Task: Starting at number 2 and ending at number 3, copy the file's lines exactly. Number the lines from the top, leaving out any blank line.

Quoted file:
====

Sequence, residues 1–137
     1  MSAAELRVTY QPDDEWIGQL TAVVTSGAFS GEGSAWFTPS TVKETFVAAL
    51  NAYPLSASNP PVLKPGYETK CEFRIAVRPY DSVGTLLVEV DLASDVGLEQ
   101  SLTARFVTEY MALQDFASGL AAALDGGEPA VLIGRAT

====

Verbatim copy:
     1  MSAAELRVTY QPDDEWIGQL TAVVTSGAFS GEGSAWFTPS TVKETFVAAL
    51  NAYPLSASNP PVLKPGYETK CEFRIAVRPY DSVGTLLVEV DLASDVGLEQ